The Consumer Debt Ceiling
Written by Steven Hansen
Whenever I think that consumer credit growth must be nearing the tipping point, the next month consumer credit grows again. After all, logic dictates the more debt grows the harder it becomes to repay the debt and still be able to buy necessities.
The graph below shows the ratio of consumer credit outstanding to personal consumption expenditures (this data series does not include mortgages) is now above a the pre-Great Recession high, and well above the averages before the mid 1990s.
Ratio of Total Consumer Loans Outstanding to Consumer Spending
The reality is that consumer loans bear less interest in the New Normal than they have historically. The percent of consumer disposable income used to repay consumer loans (not including mortgages) is shown on the below graph. Currently the amount of income needed to repay debt seems below average for periods of economic expansion.
Still, the income needed to repay debt is increasing - and what happens if the Federal Reserve gets its wish that inflation should pick up?
To get a feel of inflation adjusted consumer credit, the following graph is inflation adjusted consumer credit using the CPI-U (less shelter) - this is expressing consumer credit in 1982 dollars. It is evident on an inflation adjusted basis, consumer credit is growing at a fairly good clip.
Inflation Adjusted Consumer Credit
Also, an interesting graphic showing the consumer's ratio of liquid assets to total liabilities is showing an improvement in liquidity when compared to liabilities. But consider that this ratio is well below periods of rapid expansion.
Ratio of Consumer Liquid Assets to Total Consumer Liabilities
The only indicator that consumer credit is in a "normal" range is the percent of consumer disposable income used to repay consumer loans. This indicator will evaporate in seconds if the Fed gets its wish to have inflation pick up.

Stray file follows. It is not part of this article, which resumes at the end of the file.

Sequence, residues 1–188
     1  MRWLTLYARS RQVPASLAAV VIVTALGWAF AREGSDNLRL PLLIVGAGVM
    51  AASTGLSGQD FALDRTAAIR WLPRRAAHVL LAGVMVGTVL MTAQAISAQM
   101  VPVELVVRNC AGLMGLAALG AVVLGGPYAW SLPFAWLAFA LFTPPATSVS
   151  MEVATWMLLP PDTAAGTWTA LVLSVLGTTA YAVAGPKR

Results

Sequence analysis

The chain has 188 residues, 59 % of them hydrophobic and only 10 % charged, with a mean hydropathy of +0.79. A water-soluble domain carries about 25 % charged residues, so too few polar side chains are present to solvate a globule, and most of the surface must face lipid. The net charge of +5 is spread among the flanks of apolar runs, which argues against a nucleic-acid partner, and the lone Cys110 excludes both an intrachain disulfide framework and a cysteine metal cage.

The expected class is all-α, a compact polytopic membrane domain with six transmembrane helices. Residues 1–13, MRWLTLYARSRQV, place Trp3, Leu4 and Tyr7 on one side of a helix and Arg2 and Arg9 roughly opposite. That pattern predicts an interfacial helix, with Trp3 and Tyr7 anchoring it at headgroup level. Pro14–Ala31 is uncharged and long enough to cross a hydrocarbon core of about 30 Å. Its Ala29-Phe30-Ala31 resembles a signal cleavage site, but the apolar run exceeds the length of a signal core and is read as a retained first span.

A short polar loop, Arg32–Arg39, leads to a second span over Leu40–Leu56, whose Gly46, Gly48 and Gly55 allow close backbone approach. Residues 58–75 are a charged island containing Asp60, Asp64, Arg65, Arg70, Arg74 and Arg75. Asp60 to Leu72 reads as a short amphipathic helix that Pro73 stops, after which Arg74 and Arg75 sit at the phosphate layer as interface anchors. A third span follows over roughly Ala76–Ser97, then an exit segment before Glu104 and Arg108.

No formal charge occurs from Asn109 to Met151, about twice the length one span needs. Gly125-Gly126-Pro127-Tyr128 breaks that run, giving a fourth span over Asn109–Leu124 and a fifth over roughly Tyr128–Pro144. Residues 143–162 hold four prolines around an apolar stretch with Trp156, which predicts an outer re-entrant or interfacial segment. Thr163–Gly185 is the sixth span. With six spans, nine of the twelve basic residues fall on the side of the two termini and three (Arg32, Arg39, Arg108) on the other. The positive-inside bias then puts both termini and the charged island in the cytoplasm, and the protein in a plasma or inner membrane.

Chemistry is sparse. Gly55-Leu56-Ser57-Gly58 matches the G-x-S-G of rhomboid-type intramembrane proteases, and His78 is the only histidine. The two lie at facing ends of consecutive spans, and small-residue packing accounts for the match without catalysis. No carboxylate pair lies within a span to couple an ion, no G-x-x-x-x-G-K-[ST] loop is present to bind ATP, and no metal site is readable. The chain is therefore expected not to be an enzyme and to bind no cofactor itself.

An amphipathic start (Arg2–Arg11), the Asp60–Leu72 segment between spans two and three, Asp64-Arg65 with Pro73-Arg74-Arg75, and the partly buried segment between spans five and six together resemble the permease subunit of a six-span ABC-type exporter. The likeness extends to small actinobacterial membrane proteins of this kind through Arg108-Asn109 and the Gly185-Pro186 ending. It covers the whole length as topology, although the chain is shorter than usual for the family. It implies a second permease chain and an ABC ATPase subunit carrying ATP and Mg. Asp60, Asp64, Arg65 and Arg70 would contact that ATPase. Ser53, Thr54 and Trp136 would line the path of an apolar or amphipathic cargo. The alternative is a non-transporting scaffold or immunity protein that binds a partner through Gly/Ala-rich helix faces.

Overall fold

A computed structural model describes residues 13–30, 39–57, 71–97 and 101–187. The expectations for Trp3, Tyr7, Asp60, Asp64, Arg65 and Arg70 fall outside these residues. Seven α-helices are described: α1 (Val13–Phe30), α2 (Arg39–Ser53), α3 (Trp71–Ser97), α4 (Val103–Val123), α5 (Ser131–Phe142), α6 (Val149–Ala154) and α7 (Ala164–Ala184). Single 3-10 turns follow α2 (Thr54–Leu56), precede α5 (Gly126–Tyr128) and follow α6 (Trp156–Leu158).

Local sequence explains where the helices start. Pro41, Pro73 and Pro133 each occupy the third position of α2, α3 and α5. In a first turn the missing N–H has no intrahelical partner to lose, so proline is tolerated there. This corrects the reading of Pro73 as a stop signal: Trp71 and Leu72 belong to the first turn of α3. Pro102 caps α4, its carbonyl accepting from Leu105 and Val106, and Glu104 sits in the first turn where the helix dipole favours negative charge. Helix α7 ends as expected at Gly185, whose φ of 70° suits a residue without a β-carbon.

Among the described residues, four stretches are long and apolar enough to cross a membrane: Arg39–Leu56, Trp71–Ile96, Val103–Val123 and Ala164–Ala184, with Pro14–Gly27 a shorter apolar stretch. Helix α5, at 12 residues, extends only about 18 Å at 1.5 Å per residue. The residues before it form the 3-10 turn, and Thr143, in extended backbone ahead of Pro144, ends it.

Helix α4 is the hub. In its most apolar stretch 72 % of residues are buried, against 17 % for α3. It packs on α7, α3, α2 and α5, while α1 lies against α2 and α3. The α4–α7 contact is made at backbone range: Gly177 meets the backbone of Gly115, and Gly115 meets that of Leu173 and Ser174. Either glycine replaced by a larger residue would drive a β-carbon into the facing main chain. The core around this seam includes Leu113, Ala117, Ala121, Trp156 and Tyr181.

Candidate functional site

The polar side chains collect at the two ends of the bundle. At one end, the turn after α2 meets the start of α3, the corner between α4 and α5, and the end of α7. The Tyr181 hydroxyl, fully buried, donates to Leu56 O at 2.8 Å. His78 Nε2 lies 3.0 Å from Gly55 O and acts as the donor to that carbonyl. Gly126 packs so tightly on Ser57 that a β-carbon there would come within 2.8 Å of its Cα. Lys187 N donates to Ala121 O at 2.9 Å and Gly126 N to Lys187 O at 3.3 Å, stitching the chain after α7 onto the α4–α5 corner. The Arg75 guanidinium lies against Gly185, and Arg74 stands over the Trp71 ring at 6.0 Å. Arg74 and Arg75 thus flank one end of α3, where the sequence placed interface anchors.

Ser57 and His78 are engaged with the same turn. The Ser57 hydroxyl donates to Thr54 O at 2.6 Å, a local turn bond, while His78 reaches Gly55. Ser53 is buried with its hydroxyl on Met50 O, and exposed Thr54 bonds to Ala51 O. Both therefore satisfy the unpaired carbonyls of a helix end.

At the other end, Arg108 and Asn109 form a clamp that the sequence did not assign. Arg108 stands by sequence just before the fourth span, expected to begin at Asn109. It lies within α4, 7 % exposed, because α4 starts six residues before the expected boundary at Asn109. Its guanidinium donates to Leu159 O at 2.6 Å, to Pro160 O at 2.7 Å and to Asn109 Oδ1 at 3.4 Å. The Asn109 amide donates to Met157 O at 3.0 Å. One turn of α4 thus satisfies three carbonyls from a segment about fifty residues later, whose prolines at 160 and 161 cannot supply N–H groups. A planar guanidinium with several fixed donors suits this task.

I believe the Federal Reserve's little game of maintaining artificially low interest rates and other abnormal monetary games will come home to roost. If inflation picks up - there is an immediate consumer credit bubble triggered from revolving credit. If the Fed's games put the USA in a deflationary spiral, the USA will still have a consumer credit bubble resulting from the principal being harder to repay. The only hope for consumer debt may be that the economy keeps stumbling along.
Other Economic News this Week:
The Econintersect Economic Index for April 2016 again insignificantly improved but remains relatively weak. The index continues near one of the lowest values since the end of the Great Recession. This marginal index improvement is due to data being compared against relatively soft data - both month-over-month and year-over-year. Our employment six month forecast is for slightly weaker employment growth for April - and the long term decline in the employment forecast remains in play.
Current ECRI WLI Growth Index
The market expectations (from Bloomberg) were 253,000 to 280,000 (consensus 267,000), and the Department of Labor reported 253,000 new claims. The more important (because of the volatility in the weekly reported claims and seasonality errors in adjusting the data) 4 week moving average moved from 266,500 (reported last week as 266,750) to 265,000. The rolling averages generally have been equal to or under 300,000 since August 2014.
Weekly Initial Unemployment Claims - 4 Week Average - Seasonally Adjusted - 2011 (red line), 2012 (green line), 2013 (blue line), 2014 (orange line), 2015 (violet line)
Bankruptcies this Week: Peabody Energy, Energy XXI